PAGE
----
It was 24 years ago when an armed man entered l’Ecole Polytechnique in Montréal, separated the female engineering students from the men, and opened fire. On that solemn December day, Marc Lépine murdered 14 women—12 engineering students, one nursing student, and a university employee. He injured another 10 women and four men before killing himself.
As a result of the crime, Canada established December 6 as the National Day of Remembrance and Action on Violence Against Women.
At the UBC Okanagan campus, Nov. 25 to Dec. 6 are set aside for the annual White Ribbon Campaign. It’s a time to remember the women killed, commemorate the tragedy, and create awareness about the Eradication of Violence Against Women campaign, says Women in Engineering committee member Tia Haunts.
“Our intent is to acknowledge the lives of the 14 fallen women, many of whom were pursuing engineering degrees just like us,” says Haunts, a third-year civil engineering student. “We want to raise awareness of the acts of violence against women that have taken place, because knowledge and understanding will, hopefully, prevent future acts.”
UBCO’s Women in Engineering committee has organized a number of events including a free showing of the movie Polytechnique, the 2009 Genie Award-winning film directed by Denis Villeneuve. The fact-based film recreates the lives of the engineering students, as well as the atrocities committed by Lépine. The screening of Polytechnique (produced in French with English subtitles) is Monday, Nov. 25, 5 p.m., in the Student Union Theatre, UNC Building, and is free and open to the public.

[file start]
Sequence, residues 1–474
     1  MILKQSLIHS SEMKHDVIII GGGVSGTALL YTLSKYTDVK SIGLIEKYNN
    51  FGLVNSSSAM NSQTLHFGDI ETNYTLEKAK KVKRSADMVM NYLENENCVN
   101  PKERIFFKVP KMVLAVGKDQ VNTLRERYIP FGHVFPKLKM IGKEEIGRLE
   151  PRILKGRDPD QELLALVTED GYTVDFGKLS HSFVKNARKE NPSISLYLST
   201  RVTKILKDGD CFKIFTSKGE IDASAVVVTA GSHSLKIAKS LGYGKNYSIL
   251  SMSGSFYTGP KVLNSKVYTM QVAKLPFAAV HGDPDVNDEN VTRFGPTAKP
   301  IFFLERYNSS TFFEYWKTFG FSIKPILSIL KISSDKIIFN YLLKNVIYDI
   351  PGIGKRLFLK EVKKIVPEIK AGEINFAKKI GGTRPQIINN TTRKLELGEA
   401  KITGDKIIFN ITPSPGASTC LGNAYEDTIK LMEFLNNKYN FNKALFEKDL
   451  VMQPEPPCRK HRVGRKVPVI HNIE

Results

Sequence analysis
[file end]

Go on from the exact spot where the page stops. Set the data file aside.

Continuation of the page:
Throughout that week, there are a number of awareness events and displays at various locations across campus. A memorial service for the victims of the December 6 tragedy will be held in the Engineering, Management and Education Building’s Richard S. Hallisey Atrium at 11 a.m., Wednesday, Nov. 27.
Following the service, everyone is encouraged to participate in the painting of the Engineering concrete ‘E’ icon outside the EME building. Commemorative messages of inspiration, peace, and hope will be painted onto the large E, which will be painted white for the White Ribbon campaign. The E is normally painted red.
Fourth-year civil engineering student Will Patterson says this is not an issue that concerns only women. Patterson is speaking at the memorial service and wants underline how violence against women is an issue that deeply impacts men and women.
“It’s important that we as men and women remember and talk about this tragedy to help break the outdated norm of silence, and thereby consenting to the oppression of women,” Patterson says.
“The dialogue stimulated through the White Ribbon Campaign raises awareness about gender inequality and provides a platform that encourages men to take ownership of the shift to an equal and violence-free culture.”
Engineering students Tia Haunts, Will Patterson, and Heather Mallory are ready to paint the iconic red E white, so participants in the memorial service next week can then write messages of hope and inspiration onto the E.